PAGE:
A LITTLE CONVERSION RESULTS IN DECREASE OF FUNGICIDE USE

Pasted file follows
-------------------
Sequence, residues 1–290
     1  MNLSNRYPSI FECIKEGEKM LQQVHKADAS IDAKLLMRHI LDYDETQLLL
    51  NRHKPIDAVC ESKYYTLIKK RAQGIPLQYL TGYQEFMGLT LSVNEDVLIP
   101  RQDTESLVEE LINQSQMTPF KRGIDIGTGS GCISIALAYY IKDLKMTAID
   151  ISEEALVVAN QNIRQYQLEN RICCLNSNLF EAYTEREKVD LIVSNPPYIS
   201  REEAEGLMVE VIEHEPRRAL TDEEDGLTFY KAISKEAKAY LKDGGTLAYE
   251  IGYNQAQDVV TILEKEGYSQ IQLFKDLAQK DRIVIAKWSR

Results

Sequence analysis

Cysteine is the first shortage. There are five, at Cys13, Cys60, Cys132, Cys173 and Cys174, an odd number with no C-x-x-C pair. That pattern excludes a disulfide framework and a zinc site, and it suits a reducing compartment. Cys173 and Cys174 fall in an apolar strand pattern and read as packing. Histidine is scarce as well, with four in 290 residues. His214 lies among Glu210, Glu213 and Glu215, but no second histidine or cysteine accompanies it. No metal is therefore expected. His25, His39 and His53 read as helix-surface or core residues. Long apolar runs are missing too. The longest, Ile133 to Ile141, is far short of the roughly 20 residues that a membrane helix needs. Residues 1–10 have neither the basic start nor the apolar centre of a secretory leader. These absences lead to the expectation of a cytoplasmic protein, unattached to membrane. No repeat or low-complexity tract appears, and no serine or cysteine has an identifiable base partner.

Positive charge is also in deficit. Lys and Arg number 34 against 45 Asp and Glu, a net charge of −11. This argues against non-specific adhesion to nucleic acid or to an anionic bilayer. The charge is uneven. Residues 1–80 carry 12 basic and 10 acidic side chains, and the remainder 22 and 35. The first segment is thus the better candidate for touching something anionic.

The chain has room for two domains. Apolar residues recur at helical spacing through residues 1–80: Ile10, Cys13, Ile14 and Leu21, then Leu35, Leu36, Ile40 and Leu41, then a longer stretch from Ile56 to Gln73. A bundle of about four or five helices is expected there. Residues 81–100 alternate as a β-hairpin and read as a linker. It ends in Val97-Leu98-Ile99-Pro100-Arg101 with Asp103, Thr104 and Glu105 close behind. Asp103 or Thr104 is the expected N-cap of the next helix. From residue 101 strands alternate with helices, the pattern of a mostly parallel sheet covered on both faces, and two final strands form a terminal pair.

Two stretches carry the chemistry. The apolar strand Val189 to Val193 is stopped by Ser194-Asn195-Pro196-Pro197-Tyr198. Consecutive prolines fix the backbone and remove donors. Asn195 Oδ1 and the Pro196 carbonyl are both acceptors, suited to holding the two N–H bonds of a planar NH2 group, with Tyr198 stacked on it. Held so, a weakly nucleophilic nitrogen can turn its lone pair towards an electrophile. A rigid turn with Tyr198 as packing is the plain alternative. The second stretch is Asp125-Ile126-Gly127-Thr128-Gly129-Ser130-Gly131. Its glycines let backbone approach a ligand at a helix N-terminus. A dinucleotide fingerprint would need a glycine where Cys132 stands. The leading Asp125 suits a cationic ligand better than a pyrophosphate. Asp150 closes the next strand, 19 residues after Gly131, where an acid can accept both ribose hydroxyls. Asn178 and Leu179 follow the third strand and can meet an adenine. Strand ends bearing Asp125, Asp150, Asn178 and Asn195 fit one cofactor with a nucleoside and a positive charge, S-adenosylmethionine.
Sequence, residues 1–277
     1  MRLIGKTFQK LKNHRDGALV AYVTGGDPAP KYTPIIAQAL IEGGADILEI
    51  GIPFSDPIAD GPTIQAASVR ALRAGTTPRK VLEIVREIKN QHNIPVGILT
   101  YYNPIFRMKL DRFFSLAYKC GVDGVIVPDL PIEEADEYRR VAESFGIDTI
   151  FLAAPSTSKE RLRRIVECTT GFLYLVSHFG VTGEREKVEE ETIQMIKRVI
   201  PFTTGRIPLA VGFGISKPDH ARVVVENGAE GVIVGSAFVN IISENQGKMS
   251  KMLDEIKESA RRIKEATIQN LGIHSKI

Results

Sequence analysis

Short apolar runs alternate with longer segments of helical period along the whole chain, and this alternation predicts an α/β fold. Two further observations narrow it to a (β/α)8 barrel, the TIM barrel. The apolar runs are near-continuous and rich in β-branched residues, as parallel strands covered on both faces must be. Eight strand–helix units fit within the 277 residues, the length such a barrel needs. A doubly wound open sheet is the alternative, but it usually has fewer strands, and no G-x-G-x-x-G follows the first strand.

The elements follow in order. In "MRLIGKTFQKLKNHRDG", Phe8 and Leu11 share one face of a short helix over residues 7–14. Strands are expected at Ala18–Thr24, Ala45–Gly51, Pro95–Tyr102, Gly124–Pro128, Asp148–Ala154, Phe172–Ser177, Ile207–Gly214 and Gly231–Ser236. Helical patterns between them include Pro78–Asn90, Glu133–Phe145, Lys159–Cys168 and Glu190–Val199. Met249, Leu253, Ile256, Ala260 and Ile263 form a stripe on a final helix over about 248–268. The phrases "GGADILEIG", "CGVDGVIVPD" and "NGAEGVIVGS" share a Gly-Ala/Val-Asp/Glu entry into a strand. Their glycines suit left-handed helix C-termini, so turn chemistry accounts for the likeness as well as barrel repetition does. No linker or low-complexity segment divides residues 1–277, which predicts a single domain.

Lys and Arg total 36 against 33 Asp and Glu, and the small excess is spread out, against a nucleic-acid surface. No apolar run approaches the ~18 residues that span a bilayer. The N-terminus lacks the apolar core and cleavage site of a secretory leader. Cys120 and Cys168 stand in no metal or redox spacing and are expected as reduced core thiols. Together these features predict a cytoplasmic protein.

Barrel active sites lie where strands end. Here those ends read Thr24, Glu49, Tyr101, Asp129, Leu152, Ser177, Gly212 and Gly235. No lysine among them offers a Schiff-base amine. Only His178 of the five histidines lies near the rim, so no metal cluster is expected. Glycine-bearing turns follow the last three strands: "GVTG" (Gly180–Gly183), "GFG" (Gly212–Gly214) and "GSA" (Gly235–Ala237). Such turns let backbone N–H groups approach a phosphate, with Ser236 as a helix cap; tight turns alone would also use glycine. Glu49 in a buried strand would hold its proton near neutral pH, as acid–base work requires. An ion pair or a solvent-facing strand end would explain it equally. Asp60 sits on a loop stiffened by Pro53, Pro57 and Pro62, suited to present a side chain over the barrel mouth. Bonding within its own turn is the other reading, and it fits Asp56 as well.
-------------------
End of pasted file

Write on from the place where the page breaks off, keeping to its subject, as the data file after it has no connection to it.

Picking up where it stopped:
It is possible to convert fungicide-needy perennial ryegrass fairways to Kentucky bluegrass without using nonselective herbicides. Researchers at Kansas State University tried a variety of techniques and combinations to determine the optimum conditions for Kentucky bluegrass (KB) to out compete perennial ryegrass (PR). They tried core aeration, scalping, plant growth regulators, high seeding rates, multiple seeding rates and post-seeding low mowing — all treatments were tried singly and in factorial combinations. As you may have tried, slowing PR by using PGR's did not help, nor did scalping and core aeration prior to seeding. What did work was a combination of post-seeding low mowing (PSLM) and high seeding rates. The post-seeding low-mowing treatment consisted of mowing at ¼-inch twice per week for a period of four weeks after seeding. At the end of four weeks, the KB seedlings were just reaching ¼-inch in height. With PSLM, KB population increased from 18 to 32 percent by 21 months after seeding. The researchers speculate that by keeping the PR very short, more sunlight reached the KB seedlings and allowed them to catch up to the PR. Typically, KB is seeded at 1.5 pounds per 1,000 feet squared. For this study, seeding rates were 2 pounds and 4 pounds per 1,000 feet squared, seeded in fall only or fall and spring. The multiple seeding didn't seem to offer an advantage, but the 4 pounds per 1,000 feet squared seeded in the fall increased the KB population from 20 percent to 30 percent by 21 months after seeding. It is still not as fast as killing out the fairway first, but should keep the area playable and gradually reduce the need for fungicides while the conversion takes place.
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